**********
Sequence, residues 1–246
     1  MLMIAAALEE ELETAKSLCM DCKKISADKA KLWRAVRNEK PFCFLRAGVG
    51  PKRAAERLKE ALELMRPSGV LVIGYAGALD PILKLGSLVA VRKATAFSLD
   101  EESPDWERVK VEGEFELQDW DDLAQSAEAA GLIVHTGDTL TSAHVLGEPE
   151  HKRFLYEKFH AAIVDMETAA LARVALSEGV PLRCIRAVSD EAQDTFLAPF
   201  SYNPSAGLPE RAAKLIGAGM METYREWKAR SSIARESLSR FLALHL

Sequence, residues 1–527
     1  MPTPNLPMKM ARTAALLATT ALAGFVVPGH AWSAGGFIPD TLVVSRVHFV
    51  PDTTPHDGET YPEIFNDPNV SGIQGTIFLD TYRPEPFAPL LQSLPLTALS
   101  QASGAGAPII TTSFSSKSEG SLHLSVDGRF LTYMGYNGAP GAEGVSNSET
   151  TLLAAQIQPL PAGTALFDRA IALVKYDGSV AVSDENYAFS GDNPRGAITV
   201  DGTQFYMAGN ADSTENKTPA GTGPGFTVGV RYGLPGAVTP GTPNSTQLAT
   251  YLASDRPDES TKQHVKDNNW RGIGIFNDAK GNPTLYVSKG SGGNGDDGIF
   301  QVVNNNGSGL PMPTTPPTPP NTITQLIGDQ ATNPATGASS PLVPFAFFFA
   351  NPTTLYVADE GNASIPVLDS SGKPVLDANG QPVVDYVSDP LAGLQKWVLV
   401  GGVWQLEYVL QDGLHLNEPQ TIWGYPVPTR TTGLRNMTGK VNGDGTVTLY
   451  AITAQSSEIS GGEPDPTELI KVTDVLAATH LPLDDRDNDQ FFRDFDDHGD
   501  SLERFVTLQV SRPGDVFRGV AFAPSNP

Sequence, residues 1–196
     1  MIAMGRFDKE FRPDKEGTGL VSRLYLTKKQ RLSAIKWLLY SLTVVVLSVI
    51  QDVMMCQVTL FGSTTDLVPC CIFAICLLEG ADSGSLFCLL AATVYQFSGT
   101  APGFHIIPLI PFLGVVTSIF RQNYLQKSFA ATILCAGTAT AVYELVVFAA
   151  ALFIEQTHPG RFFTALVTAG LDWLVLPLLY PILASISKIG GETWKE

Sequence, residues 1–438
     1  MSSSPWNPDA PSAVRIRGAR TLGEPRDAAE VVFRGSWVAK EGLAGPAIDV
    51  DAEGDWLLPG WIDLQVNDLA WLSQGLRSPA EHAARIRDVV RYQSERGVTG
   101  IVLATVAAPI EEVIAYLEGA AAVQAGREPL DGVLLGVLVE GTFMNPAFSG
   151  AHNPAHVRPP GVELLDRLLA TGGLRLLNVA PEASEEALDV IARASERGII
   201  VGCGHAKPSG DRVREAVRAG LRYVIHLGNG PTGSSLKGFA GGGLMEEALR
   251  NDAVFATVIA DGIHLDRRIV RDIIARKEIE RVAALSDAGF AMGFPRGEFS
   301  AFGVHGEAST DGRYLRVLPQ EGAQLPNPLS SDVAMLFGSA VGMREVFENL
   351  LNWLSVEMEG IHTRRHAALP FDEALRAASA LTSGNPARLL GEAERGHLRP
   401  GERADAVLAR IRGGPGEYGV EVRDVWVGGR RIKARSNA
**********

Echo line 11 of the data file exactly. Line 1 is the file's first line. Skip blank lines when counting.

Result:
   151  TLLAAQIQPL PAGTALFDRA IALVKYDGSV AVSDENYAFS GDNPRGAITV